5 simple tips for demoing games at events

2014-09-26 14.18.01

As I’m getting ready to demo Last Voyage Of The Orlova at the Opium Torenkamer Festival, I’m adding some extra features to the game to make my life easier during the two weeks it will be there. Demoing a game at an event may seem like a simple errand: put the executable on a computer and let people go wild. But there are a few things you can do to make everything go smoothly:

Make it easy to reset the demo

Not everybody will finish a demo at an event, and you don’t want the next person walking straight into a running game and missing all the onboarding and tutorial content. You want each person to start fresh, generally, to reduce the risk of them not understanding your game. So add a Reset/Restart option in the main menu, or an inactivity timeout that does it for you automatically.

Make it easy to remember the game

If people DO reach the end of the demo, you want to send them off with some kind of next action. That could be a flyer with the website URL or download link, but I like to include that in the demo itself. Show a nice splash screen with the name of the game, URL, release date and maybe some screenshots from the rest of the game. Add a QR code to make it even easier. And after a minute or so, loop it back to the start of the game (see above).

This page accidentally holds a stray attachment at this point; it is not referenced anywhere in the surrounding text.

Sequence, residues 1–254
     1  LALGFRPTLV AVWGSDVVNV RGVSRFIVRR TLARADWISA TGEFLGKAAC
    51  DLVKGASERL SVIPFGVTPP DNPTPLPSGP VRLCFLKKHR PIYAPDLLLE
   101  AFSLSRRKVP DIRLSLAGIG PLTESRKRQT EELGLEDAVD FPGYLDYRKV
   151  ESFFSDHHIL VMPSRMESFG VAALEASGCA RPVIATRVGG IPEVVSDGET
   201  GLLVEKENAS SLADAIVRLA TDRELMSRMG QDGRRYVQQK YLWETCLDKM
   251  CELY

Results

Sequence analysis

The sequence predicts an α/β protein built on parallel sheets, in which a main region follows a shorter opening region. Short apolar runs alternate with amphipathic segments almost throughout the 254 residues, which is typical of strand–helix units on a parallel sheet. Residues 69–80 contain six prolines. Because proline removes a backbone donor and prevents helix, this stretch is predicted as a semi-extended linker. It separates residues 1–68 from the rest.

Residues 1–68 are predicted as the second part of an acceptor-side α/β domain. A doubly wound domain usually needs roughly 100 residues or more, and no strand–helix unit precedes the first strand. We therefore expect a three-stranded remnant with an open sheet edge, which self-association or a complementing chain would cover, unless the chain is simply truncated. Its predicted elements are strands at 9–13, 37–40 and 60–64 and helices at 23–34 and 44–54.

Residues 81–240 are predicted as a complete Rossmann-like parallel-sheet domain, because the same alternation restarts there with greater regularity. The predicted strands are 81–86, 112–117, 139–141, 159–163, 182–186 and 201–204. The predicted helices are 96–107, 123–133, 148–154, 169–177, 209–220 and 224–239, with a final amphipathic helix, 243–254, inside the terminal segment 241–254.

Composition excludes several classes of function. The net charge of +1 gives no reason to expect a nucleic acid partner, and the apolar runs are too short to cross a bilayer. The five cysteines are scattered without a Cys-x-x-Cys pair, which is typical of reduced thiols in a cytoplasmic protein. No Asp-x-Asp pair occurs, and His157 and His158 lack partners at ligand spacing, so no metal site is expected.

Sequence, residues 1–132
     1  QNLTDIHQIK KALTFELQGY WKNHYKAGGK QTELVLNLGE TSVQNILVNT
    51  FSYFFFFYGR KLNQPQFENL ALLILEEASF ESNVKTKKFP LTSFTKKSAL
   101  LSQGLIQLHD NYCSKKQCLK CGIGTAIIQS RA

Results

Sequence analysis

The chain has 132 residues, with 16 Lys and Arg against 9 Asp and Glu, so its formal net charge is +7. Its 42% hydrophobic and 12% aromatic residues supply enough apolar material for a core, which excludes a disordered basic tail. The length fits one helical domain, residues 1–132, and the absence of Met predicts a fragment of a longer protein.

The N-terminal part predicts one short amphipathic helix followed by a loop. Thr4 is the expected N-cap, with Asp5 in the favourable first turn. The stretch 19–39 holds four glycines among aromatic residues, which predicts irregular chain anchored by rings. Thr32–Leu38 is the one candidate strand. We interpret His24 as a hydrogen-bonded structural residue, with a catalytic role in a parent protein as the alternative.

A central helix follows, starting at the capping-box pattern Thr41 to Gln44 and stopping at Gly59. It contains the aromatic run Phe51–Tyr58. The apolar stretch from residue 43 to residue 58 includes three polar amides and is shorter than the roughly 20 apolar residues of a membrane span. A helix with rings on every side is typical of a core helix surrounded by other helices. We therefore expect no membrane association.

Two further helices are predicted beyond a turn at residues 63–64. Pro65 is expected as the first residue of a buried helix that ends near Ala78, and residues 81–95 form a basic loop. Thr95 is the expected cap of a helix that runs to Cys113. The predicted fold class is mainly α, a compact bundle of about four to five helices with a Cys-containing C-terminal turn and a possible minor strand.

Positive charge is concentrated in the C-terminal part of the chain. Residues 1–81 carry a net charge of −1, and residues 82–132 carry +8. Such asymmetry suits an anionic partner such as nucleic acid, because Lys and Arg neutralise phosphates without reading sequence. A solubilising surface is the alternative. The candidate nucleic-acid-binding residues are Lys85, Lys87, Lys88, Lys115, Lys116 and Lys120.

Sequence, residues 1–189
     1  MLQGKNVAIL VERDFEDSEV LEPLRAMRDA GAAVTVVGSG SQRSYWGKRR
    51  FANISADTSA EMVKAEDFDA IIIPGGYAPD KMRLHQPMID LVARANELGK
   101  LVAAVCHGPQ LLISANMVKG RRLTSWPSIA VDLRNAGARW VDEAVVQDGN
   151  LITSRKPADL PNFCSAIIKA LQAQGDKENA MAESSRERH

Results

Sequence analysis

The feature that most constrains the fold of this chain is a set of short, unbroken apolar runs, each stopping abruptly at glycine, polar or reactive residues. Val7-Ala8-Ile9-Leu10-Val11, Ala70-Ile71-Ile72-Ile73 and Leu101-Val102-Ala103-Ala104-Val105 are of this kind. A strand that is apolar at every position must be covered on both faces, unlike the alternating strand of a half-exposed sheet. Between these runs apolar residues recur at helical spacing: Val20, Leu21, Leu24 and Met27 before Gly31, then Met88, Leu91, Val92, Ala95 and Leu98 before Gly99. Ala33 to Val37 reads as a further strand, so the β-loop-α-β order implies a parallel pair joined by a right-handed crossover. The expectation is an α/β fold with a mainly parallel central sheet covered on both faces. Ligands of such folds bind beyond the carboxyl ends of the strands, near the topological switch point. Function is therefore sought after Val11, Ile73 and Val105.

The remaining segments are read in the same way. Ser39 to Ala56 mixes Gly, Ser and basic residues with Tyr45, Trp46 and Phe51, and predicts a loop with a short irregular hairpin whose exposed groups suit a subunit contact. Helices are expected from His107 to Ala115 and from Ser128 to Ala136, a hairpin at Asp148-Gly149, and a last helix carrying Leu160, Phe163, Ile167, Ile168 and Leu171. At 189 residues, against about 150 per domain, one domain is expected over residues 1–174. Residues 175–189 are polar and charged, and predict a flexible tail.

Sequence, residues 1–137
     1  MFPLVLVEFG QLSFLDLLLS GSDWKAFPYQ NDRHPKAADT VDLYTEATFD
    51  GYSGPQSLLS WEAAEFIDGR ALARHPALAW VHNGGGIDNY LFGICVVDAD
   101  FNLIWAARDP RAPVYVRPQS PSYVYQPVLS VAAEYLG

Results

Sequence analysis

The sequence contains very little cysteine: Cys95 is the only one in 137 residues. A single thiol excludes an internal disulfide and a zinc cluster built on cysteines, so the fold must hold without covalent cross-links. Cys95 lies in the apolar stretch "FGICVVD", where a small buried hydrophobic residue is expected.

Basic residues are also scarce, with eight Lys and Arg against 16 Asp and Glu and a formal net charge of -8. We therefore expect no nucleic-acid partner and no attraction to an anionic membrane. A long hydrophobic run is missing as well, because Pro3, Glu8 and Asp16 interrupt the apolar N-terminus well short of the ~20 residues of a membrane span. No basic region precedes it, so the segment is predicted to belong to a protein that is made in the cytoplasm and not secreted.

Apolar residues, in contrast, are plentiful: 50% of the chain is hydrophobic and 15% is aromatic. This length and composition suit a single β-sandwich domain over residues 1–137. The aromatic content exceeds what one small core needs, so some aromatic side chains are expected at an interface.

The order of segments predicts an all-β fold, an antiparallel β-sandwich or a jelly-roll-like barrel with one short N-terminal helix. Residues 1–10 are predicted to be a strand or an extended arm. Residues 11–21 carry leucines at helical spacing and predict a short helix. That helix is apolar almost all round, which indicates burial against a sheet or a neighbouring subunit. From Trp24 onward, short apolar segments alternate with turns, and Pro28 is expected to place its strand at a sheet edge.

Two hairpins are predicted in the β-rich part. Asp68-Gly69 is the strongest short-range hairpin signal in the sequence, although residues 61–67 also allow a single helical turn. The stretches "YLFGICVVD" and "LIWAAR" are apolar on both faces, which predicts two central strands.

Know which platform you’re demoing on

This may seem like a no-brainer if you’re only building to one platform, but if you support both windows and mac (and linux), you might want to check which system you will be demoing on. You’ll need a different executable for each, of course, but it’s the small things that can get ya. For instance: button mappings for a controller are different between different platforms for some crazy reason. Your Xbox Controller might work fine on your windows laptop, but half the buttons won’t work on a Mac. And even screens can be a pain; Your laptop may only have an HDMI port, but if the screen needs a VGA port, you need an extra cable.

Make it easy to analyze

If you won’t be at the booth all day (and even if you will), you might want to add some analytics to the game to make reviewing all the playtest data easier. This is super duper easy to do in Unity, so there’s really no excuse. You could track important game events like how many people finish the level, how long it took them, or which route they took. Basic data like that is always nice to have.

Make it hard to quit*

This won’t always apply, but if you’re demoing on a PC, it’s good to make it impossible to leave the game. Disable the Quit option in the menu, and if your game supports both keyboard+mouse and controller, demo it with a controller so no one can alt-tab out to the desktop. And if possible, put the PC case behind lock and key, so nobody can access the USB ports or otherwise.

Doing some or all of these things ensure you can focus on showing off your new game and engaging with potential fans, and not dealing with the technical difficulties.

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